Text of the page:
Archives For Craig Newmark

Sin Is Expensive

Mark Beuving —  October 25, 2012 — 1 Comment

A couple days ago, I blogged about Craigslist’s faulty theological foundation. Basically, Craig Newmark built Craigslist on the belief that people are basically good, so if you give them a platform for interaction, everything will work out. But because the Bible is correct in saying that people have a sin nature, things are bound to go wrong on Craigslist, even as they go wrong in every area of life.

Hamburglar

The McDonald’s Hamburglar

In this post, I’d like to briefly explore the economic impact of sin. In other words, sin is expensive. Certainly sin tears apart our relationships, our psychological health, and most significantly, our relationship with God. But sin also costs money.

In the case of Craigslist, the site has been used as a marketplace for prostitution, which has forced Newmark to make preventative changes to the site. Scammers have also been using the site to swindle sellers out of their goods, which means that Newmark’s team has had to add security measures. All of this means increased expenses.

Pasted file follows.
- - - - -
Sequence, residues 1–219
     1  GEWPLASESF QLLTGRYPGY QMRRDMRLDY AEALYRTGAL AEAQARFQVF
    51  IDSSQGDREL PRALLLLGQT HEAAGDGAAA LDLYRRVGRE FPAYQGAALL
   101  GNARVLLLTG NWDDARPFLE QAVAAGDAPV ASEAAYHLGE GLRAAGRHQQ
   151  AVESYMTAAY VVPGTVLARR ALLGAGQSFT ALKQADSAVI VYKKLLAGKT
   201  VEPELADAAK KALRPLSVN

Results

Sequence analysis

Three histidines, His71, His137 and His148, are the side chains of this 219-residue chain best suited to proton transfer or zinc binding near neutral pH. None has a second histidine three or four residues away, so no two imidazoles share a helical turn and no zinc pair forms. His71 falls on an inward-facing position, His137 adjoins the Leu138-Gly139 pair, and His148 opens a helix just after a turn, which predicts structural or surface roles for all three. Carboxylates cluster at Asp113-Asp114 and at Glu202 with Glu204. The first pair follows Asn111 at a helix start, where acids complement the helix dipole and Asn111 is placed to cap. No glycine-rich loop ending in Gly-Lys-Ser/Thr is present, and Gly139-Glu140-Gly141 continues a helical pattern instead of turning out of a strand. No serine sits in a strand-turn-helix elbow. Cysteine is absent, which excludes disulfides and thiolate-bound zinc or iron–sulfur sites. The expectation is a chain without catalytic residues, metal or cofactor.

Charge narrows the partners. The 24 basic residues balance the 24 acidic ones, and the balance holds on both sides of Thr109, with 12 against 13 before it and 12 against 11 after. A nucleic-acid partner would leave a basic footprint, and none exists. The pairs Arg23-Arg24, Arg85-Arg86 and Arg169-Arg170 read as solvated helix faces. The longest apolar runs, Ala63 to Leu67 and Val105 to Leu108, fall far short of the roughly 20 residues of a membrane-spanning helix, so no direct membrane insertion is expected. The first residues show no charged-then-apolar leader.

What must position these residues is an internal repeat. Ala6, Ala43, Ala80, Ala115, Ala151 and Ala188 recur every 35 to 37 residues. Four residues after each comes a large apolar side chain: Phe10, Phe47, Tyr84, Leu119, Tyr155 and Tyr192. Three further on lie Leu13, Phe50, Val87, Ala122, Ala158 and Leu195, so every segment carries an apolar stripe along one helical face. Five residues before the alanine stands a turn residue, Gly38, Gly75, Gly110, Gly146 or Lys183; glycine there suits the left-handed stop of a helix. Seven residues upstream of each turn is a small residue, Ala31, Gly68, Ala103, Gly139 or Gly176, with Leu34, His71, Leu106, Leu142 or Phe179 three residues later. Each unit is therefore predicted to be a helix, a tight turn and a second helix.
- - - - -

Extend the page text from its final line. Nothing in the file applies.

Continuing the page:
In his excellent book Truth and Transformation, Vishal Mangalwadi talks about visiting a dairy in the Netherlands. When he walked into the dairy to buy a glass of milk, he found no attendants—there was only a cashbox in which to leave his money and make change if necessary. He observed that this is the most cost-efficient way for the dairy to sell its milk, but once enough people took their milk without paying (or even stole the money from the cashbox), the dairy would be forced to hire an attendant. This means money out of the dairy owner’s pocket, which means higher cost of production, which means higher prices for the costumers, and on and on it goes.

Vishal Mangalwadi

Vishal Mangalwadi

Mangalwadi also describes an experience he had while traveling through eastern Europe by train. He couldn’t figure out the automated ticket dispenser, so he asked a couple of young ladies how it worked. “We don’t know,” they told him. “But don’t worry about it. Just hop over the turnstiles. We’ve been travelling like this for weeks and no one has checked our tickets.”